Construction projects are undoubtedly a fertile ground for disputes to arise, when compared with other business ventures. In the first article in this series, I look at some of the reasons why, and what those who operate outside the sector encountering construction projects only occasionally, or on a one off basis, may want to consider.
As well as ensuring that construction contracts and appointments are properly set up in the first place, it is important to have an understanding of the wide range of highly effective and flexible modern dispute resolution methods available for construction disputes, which I discuss in later articles in this series.
Triggers for disputes
Understanding where disputes typically arise on construction projects, and what points those disputes will turn on, is often key to working out the best strategy and means of resolving them.
Disputes typically fall into one or more of these broad categories.
- A problem with the construction contract itself – For example a provision that fails to deal with a particular situation, or deals with it in a way that is not clear or simply cannot operate in reality.
- Parties ignoring processes set out in the contract – A key root cause of disputes is that the actions of one or both of the parties have not followed processes in the contract, or they have not become fully familiar with the Schedule of Amendments to one of the standard forms.
- Issues get “kicked down the road” – It remains commonplace, and understandable, for the parties to kick the can down the road and not fully deal with issues as and when they arise, because they do not wish to sour the relationship whilst the works are ongoing. This can though be dangerous, as increasingly contracts contain “use it or lose it” entitlements, with the right to time and/or money being lost if they are not exercised promptly upon an event occurring.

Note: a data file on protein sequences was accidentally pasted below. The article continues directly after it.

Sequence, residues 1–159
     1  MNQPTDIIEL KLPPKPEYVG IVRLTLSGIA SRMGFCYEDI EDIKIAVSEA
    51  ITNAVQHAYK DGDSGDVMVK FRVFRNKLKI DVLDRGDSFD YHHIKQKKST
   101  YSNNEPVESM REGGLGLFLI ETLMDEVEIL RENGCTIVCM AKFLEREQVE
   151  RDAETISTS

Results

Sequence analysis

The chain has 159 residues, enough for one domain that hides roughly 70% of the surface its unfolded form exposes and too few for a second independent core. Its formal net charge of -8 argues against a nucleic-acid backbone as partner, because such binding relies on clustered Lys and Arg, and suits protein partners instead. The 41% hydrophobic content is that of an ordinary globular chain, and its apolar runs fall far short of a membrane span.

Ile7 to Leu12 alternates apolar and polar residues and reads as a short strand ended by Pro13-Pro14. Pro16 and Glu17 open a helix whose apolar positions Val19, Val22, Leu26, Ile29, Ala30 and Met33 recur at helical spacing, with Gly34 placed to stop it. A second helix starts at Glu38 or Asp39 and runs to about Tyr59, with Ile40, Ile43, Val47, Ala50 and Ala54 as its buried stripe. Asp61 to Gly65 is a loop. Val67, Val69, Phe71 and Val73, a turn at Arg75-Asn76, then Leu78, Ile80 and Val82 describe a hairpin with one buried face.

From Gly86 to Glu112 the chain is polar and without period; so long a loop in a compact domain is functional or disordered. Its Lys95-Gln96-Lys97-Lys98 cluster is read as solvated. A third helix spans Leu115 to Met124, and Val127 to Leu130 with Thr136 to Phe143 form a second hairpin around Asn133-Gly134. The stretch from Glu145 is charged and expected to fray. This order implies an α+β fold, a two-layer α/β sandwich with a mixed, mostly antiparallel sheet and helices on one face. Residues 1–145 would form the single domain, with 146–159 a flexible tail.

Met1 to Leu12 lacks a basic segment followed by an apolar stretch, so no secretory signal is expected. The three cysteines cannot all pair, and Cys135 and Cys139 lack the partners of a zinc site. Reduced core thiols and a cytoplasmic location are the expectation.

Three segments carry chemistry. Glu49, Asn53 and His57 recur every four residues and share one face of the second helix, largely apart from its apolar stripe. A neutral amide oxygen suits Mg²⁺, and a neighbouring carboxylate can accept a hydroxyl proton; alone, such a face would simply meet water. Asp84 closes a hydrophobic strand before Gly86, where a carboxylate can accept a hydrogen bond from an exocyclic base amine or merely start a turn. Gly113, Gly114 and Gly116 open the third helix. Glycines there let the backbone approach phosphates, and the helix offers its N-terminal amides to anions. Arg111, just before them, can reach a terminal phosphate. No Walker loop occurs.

- External Factors – Other disputes occur because of external factors, rather than issues with the contract or way in which it has been operated. Insolvency is unfortunately increasingly prevalent at this time, and financial pressures hitting a party in relation to an entirely unrelated project can often quickly cause matters to unravel, particularly as the knock on effects of Brexit and Covid continue to be felt. Changes in key personnel can also be highly disruptive, particularly if there has been no orderly handover and/or there is a lack of good record keeping, meaning that large amounts of knowledge about the project disappear when a key person moves on.
Very often there will simply be an element of bad luck, if a “perfect storm” of different factors causes a previously constructive working relationship to break down, as commercial realities bite, necessitating a move to a “contractual” approach which should provide a framework to deal with the issues as the works progress.
The contract should be clear on financial consequences of an issue, and risk allocation between the parties. A key role in many forms of construction contract will be that of the Contract Administrator, who the contract empowers to assess and certify the entitlements that arise. Whilst in practice the Contract Administrator may often be the employer’s architect, they must act fairly and impartially between the parties.